Results and discussion

Plant characteristics

Rates of lamina, sheath and internode extension and final organ length were significantly affected by water stress. The reduced extension rate of organs was mainly responsible for the reduction in organ length. The duration of organ extension was significantly increased in severe water stress treatments (T1 and T2, data not shown), but not by mild water stress (T3 and T4) (Song et al. 2007).

Leaf stomatal conductance

Leaf stomatal conductance was measured in expanding leaves on 5 sampling dates for each watering regime, leaf stomotal conductance was shown to decline with diminishing water supply, from 0.420.11 mmol m-2s-1 (T5) to 0.030.01 mmol m-2s-1 (T1) (Figure 2). The variation of leaf stomotal conductance (standard errors of 20% of mean or less) indicated that stable water regimes were achieved.

Figure 2. Leaf stomatal conductance under five water regimes (vertical bars indicate s.e.).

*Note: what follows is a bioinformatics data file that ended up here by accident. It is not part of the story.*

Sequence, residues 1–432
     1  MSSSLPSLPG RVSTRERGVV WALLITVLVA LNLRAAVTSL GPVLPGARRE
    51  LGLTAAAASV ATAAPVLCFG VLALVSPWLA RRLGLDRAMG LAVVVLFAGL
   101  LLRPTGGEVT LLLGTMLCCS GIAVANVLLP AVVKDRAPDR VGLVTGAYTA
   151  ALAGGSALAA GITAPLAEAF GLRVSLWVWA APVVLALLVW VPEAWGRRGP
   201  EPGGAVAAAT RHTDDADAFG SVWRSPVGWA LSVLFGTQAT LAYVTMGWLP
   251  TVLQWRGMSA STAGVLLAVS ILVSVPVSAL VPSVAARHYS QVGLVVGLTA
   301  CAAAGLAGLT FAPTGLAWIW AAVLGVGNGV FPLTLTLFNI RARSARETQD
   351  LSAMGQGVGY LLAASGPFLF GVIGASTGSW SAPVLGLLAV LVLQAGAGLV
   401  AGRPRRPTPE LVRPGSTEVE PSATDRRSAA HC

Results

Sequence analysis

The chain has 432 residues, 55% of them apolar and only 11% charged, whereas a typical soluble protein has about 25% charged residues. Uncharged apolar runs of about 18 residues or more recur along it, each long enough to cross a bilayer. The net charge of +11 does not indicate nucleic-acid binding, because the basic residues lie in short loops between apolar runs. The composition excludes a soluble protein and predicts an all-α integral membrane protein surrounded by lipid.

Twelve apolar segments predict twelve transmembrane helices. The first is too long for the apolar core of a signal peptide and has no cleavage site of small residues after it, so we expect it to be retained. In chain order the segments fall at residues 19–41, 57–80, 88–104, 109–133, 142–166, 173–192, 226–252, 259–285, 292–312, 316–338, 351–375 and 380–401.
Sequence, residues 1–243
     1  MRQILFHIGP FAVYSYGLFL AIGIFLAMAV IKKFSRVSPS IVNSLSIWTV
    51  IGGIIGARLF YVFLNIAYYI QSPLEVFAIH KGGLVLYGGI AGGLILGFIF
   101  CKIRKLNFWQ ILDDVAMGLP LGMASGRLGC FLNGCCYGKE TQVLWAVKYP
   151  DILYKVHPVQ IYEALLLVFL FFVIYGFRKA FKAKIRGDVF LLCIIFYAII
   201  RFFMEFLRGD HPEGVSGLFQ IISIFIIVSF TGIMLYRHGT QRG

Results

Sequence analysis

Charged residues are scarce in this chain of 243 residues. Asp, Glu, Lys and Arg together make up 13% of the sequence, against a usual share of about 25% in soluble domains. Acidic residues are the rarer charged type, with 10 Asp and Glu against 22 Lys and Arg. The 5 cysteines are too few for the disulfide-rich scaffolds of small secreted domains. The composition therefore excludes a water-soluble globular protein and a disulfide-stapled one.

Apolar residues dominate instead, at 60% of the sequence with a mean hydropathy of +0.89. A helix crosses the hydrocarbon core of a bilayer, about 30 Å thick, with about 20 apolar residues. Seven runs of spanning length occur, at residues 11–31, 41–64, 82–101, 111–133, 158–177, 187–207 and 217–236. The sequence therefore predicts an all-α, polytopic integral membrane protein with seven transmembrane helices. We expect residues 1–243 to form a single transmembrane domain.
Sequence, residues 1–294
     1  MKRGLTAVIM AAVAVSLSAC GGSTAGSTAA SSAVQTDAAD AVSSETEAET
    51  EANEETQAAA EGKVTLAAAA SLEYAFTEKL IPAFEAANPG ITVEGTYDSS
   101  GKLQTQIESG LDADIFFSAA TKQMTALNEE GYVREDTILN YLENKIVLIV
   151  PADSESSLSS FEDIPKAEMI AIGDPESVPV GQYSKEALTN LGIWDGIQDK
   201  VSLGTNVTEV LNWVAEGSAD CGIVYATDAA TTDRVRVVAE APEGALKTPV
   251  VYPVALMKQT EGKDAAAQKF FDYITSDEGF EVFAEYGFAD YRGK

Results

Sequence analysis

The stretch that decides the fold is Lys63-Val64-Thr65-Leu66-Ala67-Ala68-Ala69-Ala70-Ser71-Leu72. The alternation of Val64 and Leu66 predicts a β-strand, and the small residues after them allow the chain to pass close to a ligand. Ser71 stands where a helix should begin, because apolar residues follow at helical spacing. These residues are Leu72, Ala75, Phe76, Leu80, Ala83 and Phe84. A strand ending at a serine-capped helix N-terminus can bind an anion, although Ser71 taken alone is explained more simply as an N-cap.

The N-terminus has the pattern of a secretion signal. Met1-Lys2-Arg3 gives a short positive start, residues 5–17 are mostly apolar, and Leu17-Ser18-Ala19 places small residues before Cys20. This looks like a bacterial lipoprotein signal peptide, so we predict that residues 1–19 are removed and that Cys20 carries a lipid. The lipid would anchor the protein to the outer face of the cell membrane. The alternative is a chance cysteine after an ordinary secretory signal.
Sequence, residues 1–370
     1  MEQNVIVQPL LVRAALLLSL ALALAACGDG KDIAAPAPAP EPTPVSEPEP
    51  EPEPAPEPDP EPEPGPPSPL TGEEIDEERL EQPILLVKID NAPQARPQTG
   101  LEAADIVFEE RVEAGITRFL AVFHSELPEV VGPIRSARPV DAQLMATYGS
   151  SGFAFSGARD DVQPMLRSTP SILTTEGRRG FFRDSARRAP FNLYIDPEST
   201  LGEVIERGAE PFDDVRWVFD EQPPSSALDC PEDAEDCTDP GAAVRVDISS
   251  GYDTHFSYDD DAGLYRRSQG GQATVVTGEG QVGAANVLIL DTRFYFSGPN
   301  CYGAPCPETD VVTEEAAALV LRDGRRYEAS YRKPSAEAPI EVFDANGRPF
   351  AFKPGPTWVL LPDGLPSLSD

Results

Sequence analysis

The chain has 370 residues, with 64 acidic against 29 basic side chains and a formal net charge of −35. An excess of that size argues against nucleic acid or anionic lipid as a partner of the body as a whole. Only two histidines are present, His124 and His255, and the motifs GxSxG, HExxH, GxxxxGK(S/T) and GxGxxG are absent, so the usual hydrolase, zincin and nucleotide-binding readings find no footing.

Optimized parameters

Results from 9 samplings during rapid canopy development for each treatment were used as target files (observed data) for estimating the embedded parameters for Greenlab. The organogenesis was characterized by leaf initiation rate, estimated as 0.029C-1d-1 from the observation of tassel initiation. Duration of organ extension was not affected by water stress for T3 and T4, but it was extended for T1 and T2, the more severely water stressed treatments. The increase in duration of organ extension by severe water stress was included in parameter estimation. The relationship between lamina fresh weight and lamina area was also calculated automatically by the optimization program according to the measurements.

Table 1. Comparisons of parameter value of optimized parameters across five water regimes.

Parameter

T5

T4

T3

T2

T1

Mean

s.d.

CV (%)

Pp

0.73

0.65

0.64

0.72

0.81

0.71

0.07

10

Pe

3.21

2.68

2.74

2.98

3.60

3.04

0.37

12

Bb

0.73

0.75

0.73

0.68

0.73

0.72

0.03

3

Bp

1.00

0.95

1.00

0.87

0.90

0.94

0.06

6